Upper endoscopy is a way to inspect the esophagus, stomach, and first portion of the small intestine (duodenum). The procedure is also called an EGD, or esophagogastroduodenoscopy, to more precisely identify the three areas it inspects. A Northwest Gastroenterology provider may recommend upper endoscopy for patients with swallowing disorders, chronic heartburn, upper abdominal pain, gastrointestinal bleeding, diarrhea, iron-deficiency anemia, unintentional weight loss, or other upper gastrointestinal issues.
What to Expect
Prior to the procedure, the patient is attached to monitors so the physician and nurse can observe heart rate, blood pressure, and oxygen level; provided with a plastic mouthpiece to protect the teeth; and sedated (with IV medications) to allow insertion of the scope over the tongue and into the esophagus. The steerable scope has a light source, suction channel, and biopsy channel, the last of which can also be used to infuse water to clean the stomach.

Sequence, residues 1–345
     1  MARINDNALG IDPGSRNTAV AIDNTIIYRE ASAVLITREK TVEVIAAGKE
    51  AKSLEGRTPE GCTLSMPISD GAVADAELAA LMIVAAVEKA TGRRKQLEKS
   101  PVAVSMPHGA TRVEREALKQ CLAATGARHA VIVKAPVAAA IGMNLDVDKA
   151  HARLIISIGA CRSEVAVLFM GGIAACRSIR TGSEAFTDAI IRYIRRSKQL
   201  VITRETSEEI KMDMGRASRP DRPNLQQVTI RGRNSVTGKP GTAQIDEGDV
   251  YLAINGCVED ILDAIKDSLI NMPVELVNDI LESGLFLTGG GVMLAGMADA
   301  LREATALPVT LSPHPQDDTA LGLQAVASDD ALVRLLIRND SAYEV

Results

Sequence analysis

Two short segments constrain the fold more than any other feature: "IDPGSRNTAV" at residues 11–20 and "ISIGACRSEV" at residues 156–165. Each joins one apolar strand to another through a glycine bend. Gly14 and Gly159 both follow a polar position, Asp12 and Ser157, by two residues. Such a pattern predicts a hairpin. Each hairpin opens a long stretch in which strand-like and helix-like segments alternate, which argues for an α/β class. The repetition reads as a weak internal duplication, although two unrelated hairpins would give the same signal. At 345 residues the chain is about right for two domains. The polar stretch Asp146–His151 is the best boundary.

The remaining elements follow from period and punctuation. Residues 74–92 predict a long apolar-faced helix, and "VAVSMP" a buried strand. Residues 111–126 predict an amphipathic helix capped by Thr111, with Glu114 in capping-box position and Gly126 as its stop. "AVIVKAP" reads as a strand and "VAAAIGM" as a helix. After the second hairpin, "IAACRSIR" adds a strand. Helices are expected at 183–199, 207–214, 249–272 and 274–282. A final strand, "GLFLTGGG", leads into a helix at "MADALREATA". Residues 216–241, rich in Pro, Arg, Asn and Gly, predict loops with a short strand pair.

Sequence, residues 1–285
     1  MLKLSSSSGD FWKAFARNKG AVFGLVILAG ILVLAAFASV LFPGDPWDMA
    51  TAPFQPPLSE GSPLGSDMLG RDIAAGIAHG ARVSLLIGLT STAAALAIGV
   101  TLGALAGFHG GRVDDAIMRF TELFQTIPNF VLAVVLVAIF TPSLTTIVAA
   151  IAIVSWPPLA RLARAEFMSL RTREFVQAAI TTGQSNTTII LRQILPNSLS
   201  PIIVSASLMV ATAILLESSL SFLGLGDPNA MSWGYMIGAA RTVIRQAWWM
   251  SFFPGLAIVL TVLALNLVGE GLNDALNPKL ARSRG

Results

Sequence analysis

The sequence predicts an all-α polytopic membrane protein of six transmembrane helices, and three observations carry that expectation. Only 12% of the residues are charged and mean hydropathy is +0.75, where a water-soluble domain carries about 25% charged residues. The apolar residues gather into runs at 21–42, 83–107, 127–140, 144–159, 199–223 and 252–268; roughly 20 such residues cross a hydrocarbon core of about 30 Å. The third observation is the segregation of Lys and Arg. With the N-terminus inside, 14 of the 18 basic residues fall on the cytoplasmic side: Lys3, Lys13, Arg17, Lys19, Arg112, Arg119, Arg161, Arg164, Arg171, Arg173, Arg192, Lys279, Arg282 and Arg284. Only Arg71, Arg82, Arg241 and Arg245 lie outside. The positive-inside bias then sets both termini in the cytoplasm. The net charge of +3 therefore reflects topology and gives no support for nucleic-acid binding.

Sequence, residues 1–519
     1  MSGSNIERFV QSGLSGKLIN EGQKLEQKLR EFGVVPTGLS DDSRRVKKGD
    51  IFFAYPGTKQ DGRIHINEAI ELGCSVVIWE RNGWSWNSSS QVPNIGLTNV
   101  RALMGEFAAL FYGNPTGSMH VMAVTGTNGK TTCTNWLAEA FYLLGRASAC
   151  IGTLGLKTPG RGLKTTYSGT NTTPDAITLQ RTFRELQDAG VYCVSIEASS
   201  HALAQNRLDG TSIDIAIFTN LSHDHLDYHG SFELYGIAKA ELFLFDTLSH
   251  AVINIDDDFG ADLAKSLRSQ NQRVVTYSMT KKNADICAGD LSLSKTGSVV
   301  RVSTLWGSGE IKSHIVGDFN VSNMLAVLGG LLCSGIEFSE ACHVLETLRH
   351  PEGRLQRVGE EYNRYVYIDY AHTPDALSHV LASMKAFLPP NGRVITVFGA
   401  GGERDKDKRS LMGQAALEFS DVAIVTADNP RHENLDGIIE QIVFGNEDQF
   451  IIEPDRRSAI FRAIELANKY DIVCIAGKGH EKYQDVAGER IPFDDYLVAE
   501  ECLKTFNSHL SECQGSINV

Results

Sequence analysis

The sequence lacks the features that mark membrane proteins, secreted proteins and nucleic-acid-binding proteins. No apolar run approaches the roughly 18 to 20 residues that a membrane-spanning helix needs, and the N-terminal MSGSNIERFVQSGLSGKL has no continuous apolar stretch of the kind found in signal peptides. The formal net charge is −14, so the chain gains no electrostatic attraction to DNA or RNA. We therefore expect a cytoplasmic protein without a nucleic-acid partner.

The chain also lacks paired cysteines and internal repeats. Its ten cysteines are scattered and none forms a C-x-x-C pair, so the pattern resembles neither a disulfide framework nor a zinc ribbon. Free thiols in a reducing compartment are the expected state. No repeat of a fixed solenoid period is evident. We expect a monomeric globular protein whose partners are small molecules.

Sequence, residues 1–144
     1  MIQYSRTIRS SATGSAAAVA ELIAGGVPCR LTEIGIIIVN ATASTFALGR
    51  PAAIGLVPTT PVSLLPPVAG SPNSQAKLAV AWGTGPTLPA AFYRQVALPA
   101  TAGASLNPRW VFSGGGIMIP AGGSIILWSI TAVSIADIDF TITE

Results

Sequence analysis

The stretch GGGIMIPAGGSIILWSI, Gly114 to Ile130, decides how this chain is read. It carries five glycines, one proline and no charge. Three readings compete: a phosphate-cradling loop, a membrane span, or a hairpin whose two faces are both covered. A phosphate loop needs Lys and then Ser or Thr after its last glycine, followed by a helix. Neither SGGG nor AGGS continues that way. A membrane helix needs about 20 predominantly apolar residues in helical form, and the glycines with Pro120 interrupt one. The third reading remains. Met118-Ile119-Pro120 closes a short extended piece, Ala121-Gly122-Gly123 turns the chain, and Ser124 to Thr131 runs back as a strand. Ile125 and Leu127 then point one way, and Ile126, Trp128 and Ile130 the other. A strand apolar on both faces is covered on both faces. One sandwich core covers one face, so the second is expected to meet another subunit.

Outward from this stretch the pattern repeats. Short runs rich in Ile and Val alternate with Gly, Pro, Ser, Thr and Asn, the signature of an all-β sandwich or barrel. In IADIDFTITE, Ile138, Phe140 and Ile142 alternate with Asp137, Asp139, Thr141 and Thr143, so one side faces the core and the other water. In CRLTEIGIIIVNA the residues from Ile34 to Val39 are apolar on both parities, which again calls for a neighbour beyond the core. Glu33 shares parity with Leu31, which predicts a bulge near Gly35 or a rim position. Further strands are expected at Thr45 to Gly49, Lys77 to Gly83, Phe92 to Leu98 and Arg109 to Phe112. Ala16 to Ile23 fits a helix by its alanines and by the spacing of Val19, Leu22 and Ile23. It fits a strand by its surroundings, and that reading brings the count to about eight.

During the procedure, a biopsy forceps may be inserted to take tissue samples, a catheter may be inserted to collect fluid from the small intestine, or a dilator may be inserted to stretch a narrowing in the esophagus. The entire process generally takes approximately 20 minutes. The sedative medications can affect memory for a short period, so it is not unusual to have no recollection of the procedure or talking with the physician afterwards.
You are not allowed to drive for the remainder of your procedure day, so you will need a licensed driver over age 18 to drive you home.
How to Prepare
Unlike colonoscopy, there is no special preparation for the procedure, though you will need to avoid food for a designated time (generally 6-12 hours) prior to the procedure. In addition, you cannot take anything by mouth for 2 hours prior to the procedure.
If you have not already done so, you should review the Colonoscopy, Flexible Sigmoidoscopy, and Upper Endoscopy/EGD Consent. You can also watch an overview of an upper endoscopy on our Videos page.